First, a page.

For a long time I grew up understanding the urgency for women’s rights without having a relationship with the word “feminist.” Subscribing to feminism’s ideals felt like the most natural thing in the world. My mother always encouraged female self-reliance, emphasizing education and framing it as empowerment. This framing fostered an awareness for the power disparity across gender that I understood before I even developed a vocabulary for describing it. The works of bell hooks and Audre Lorde were incredibly formative readings for me because they showed me how to confront patriarchy intersectionally, with respect to race, class, and sexual orientation.
But growing up as a woman of colour in the United States, particularly as a Pakistani Muslim subject to any number of horrors the white Western imagination thinks I experience, I’ve seen the failure of Western feminist movements to abandon the racist, imperialist, and capitalist oppressions that distinguish patriarchy. Many women of colour have rejected the term “feminist” for these flaws, choosing instead “womanist.” But I don’t want new words I want inclusivity. Which is why in my late teens I recognized the importance of identifying as a feminist.
Women of colour must create the spaces they are not afforded. For me, it’s achieved by dialoging with the feminism of my American culture and challenging it to be better, by insisting on my participation. By expressing solidarity with womanists in America and around the world whose multifaceted oppression demands an intersectional response. Anyone frustrated by not being heard only guarantees that frustration by keeping silent. So on the anniversary of Betty Friedan’s Feminine Mystique I find myself looking forward, very certain and willing to articulate that I am a Muslim woman of color, and I am a feminist.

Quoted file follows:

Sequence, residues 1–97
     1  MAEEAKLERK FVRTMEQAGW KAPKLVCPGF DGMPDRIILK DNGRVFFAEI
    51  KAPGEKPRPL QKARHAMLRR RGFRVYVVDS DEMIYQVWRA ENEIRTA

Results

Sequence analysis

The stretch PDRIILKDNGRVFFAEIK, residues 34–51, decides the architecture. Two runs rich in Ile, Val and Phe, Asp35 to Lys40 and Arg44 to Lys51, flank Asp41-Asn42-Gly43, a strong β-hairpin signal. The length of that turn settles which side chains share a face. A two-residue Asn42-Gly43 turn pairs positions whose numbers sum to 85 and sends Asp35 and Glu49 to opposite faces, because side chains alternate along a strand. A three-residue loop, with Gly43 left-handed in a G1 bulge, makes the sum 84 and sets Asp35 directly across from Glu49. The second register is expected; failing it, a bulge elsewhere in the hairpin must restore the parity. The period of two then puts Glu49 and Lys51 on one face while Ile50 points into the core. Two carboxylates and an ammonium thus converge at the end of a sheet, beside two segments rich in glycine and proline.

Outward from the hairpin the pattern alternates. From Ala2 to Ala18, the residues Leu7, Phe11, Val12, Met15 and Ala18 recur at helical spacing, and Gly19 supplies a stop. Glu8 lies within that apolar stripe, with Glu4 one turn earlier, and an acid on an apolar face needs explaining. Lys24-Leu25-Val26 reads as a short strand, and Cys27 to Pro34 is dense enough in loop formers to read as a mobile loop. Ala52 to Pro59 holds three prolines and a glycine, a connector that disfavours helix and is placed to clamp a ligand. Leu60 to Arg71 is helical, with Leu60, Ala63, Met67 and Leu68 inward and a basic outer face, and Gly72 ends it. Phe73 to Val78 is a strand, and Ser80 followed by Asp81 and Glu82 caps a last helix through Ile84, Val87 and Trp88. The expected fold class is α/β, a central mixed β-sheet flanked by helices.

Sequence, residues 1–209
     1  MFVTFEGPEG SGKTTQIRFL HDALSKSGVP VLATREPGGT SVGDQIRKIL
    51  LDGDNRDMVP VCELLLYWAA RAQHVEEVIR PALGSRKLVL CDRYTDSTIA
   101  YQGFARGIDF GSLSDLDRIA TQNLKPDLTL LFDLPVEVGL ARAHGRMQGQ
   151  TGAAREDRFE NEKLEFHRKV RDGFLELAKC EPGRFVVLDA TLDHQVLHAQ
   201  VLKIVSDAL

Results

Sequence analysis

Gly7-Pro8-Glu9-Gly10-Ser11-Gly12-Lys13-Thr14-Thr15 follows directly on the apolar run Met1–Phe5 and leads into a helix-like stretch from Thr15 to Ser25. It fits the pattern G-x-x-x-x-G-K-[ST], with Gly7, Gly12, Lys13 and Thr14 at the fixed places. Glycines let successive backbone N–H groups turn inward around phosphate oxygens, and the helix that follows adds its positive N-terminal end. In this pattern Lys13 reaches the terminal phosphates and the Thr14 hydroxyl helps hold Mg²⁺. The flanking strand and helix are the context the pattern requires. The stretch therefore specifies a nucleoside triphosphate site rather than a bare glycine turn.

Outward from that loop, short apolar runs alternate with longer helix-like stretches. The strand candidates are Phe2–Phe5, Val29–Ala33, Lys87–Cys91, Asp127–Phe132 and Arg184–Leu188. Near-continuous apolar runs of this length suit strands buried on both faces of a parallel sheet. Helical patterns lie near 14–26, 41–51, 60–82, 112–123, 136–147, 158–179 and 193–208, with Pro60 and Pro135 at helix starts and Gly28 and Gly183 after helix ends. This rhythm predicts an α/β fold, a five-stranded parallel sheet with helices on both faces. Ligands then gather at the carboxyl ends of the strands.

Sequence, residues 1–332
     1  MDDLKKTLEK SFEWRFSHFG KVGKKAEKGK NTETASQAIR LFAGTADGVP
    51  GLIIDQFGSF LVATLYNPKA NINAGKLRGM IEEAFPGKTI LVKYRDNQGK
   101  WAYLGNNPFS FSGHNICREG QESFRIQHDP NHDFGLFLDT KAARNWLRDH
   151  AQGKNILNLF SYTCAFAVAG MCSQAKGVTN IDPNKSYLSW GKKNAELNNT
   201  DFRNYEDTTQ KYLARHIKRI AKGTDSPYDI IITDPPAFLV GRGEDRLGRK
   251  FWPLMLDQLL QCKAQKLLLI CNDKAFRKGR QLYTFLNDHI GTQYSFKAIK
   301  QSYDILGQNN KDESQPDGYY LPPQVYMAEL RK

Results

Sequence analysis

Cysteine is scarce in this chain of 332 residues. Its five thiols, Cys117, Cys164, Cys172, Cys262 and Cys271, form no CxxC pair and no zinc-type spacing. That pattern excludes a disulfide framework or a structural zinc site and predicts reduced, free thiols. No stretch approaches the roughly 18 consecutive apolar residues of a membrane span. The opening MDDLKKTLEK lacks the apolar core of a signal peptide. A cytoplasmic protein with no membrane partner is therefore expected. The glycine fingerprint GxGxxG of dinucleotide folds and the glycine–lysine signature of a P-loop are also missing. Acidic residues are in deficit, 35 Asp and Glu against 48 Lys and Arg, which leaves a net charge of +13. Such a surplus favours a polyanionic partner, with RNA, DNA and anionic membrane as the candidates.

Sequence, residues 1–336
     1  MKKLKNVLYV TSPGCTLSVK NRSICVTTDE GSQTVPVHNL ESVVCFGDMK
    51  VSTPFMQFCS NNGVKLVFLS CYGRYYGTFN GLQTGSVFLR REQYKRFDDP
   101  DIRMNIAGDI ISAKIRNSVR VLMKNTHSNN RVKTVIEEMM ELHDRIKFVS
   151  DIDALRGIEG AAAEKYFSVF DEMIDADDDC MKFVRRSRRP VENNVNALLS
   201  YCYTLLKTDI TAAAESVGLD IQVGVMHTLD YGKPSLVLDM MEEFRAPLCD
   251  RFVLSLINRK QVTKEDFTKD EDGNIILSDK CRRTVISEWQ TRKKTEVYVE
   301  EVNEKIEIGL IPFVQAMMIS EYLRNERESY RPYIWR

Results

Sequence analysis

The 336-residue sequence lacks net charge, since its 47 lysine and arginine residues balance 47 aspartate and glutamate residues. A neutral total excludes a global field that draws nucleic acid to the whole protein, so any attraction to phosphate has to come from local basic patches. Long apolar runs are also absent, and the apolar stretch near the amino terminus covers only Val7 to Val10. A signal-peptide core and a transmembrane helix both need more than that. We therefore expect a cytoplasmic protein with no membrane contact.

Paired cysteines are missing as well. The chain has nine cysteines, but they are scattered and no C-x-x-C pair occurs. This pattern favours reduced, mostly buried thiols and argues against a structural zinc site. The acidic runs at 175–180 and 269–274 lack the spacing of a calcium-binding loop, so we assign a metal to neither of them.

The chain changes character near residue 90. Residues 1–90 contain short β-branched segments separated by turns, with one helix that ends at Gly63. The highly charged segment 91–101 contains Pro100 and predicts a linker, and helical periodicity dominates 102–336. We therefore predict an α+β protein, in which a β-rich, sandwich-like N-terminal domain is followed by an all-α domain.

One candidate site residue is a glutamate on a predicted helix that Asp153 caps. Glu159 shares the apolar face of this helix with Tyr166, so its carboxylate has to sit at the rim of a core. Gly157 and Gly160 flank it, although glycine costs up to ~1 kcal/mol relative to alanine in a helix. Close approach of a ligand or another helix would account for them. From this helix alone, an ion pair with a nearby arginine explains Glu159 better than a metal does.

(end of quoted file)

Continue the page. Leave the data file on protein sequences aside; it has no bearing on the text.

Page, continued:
- Ayesha A. Siddiqi What Got Us Into Feminism
On the anniversary of Betty Friedan’s Feminine Mystique Hazlitt Mag asked a wonderfully diverse range of women what got them into feminism, click through for beautiful responses from all.
I contributed to this and so did Durga and a lot of womens I adore.